Be that as it may, growing such calculations is troublesome because of the irregularity and vulnerability of future occasions. More electric vehicle charging stations in advantageous areas are important to adjust request on the grid and increment accommodation. On the off chance that an electric vehicle needs to charge amid a lengthy, difficult experience trip, it would need to stop at the closest charging station. Microgrids could likewise support unwavering quality while charging EVs in an area or work zone. Small community areas with disseminated assets, for example, solar-power oriented, wind as well as storage would decrease the strain on our power grid.

Maybe circling capacity into nearby microgrids would additionally improve power versatility. As clients receive EVs, it is vital to consider all the potential advantages these autos could give to the grid. The grid could turn out to be more adaptable amid peak times for less cost and costly foundation updates could be kept away from with vehicle-to-grid administrations.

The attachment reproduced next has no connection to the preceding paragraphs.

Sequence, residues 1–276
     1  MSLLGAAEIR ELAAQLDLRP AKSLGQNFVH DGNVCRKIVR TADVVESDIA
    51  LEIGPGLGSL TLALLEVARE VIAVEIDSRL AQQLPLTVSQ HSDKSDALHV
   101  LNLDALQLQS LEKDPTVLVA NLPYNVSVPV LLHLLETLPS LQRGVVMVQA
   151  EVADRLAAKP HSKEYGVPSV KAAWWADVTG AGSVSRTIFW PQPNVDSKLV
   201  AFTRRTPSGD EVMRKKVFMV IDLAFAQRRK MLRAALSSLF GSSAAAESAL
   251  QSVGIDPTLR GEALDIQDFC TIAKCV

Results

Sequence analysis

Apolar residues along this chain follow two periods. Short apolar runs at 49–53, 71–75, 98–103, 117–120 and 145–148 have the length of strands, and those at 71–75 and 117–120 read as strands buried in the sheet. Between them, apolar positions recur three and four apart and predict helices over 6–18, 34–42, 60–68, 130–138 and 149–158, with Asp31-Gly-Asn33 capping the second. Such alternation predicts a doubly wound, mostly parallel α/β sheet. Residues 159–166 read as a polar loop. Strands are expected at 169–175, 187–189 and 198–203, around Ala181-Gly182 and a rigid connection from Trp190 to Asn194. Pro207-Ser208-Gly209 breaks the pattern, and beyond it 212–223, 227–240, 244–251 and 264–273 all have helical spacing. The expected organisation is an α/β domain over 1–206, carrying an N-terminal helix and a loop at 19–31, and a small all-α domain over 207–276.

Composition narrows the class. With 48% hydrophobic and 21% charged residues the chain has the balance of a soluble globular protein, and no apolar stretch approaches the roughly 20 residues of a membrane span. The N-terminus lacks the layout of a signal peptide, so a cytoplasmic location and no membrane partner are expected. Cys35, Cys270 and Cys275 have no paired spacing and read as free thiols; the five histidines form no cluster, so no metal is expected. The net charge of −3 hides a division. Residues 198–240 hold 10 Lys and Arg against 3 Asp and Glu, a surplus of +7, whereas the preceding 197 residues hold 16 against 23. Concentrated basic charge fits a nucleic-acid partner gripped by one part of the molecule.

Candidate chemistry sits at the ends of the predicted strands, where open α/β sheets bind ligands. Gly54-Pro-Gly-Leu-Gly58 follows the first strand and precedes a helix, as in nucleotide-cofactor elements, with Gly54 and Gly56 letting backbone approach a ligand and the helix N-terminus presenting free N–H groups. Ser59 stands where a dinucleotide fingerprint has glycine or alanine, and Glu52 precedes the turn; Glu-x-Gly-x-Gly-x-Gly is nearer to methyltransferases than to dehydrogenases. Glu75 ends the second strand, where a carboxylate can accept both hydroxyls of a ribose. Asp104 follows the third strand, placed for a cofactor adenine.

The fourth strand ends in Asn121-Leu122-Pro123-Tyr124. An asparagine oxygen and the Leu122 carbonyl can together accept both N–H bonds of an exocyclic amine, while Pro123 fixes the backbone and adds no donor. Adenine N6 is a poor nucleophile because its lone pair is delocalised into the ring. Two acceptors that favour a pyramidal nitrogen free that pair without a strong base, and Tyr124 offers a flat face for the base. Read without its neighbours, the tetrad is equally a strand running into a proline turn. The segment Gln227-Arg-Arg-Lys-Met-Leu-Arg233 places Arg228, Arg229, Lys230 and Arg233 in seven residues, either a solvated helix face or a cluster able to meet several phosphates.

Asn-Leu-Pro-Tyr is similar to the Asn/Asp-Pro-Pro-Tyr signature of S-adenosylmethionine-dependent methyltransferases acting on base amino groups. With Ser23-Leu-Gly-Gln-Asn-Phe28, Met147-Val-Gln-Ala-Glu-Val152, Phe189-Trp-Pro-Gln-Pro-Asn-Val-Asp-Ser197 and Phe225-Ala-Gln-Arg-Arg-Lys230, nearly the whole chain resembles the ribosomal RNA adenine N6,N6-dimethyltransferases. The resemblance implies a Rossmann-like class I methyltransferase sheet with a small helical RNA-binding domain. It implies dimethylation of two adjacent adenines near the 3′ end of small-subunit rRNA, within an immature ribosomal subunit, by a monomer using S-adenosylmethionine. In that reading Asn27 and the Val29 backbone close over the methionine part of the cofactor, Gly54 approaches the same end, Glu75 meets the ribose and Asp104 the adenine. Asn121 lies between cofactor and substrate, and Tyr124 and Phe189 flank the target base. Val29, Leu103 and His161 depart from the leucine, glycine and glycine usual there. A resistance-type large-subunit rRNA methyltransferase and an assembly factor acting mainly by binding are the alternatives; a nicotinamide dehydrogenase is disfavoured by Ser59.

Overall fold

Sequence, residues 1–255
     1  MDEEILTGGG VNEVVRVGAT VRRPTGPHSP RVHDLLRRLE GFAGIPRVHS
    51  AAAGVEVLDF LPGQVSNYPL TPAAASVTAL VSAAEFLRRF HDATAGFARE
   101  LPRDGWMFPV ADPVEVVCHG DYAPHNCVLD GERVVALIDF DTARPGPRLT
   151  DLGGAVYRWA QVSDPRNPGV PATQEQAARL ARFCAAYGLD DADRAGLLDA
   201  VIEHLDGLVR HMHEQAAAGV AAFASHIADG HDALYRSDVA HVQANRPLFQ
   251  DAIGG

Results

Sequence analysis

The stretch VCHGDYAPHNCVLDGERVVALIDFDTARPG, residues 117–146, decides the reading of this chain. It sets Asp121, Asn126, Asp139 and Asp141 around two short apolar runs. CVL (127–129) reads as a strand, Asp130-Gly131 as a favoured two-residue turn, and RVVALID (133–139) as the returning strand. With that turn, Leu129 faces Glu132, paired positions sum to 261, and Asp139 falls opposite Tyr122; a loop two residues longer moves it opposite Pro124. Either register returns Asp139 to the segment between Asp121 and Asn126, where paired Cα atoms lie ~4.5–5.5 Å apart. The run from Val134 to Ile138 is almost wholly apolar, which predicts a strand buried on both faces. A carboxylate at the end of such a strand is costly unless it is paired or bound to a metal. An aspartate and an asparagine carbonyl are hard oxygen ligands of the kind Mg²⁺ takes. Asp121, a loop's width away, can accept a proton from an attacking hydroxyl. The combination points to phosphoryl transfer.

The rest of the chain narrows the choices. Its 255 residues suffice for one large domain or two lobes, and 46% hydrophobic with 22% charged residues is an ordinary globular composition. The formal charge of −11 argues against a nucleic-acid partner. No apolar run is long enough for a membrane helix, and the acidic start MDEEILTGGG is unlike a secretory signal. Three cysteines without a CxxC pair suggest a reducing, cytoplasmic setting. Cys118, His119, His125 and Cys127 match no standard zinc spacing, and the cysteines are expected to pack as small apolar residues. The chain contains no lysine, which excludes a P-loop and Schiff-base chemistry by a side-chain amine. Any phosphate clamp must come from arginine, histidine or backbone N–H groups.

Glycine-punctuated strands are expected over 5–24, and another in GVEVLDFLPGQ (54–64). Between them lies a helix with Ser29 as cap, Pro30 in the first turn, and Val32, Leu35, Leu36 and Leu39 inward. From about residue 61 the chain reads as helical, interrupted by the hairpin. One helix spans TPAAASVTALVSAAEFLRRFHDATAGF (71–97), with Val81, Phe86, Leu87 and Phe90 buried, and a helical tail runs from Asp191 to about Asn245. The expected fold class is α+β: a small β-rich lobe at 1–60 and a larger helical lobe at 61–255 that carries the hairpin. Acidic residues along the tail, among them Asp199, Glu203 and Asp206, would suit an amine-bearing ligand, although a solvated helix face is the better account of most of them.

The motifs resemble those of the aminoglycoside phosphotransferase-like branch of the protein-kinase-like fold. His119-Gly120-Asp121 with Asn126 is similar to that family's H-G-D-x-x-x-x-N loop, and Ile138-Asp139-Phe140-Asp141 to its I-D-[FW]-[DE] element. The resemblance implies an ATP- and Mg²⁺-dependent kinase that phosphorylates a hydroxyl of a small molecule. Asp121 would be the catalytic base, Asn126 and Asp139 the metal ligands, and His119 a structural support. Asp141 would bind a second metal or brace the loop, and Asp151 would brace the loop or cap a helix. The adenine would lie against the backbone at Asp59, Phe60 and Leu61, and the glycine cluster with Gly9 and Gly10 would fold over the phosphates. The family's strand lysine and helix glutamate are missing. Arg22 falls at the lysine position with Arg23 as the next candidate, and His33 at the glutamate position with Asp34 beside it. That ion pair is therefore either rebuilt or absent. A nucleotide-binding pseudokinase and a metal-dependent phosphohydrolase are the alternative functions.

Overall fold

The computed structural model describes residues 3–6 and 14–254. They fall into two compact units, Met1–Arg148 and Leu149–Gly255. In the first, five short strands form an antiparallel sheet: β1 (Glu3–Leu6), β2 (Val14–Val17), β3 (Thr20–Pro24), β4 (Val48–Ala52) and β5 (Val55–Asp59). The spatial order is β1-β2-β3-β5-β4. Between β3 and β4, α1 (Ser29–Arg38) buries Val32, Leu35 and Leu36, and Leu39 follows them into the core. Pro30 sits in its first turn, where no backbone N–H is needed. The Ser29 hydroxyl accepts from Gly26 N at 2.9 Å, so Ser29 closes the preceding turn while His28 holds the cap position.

Providing supplementary services from EVs is a very plausible option in case the process involves large fleet vehicles [ 40 ]. The authors, therefore, suggested an aggregator technology, which may serve the purpose of intermediation between the automobiles, the utility organisations as well as the energy market. Figure 3 vividly demonstrates the aggregator frameworks alongside other forms of the framework [ 41 , 42 ].

In almost every circumstance, the EV aggregator produces essential signals for coordinating the EV fleet based on the data shared between the supply the energy market, TSO as well as the DSO. There are multiple reasons behind the deployment of EV aggregators. Firstly, under current market conditions small loads individual participation is prohibited. Also, it permits easiest interaction with the DSO for troubleshooting. With an appropriate strategy, it can lead to a reduction of the risk of forecast errors of the EV load. As PV penetration increases in LV grid, controlling the EV load can lead to an improvement in the feeder operation and a decrease in the need to invest in infrastructure upgrades of the grid.

In grids with such high penetration, there are constraints to keep in mind. Customers will evaluate improvements with respect to dependability, quality, and price. We expect a major change in the near future in the voltage quality improvement, which will aim to reduce long-term variations in voltage magnitude that arise in a decentralised RES generation context.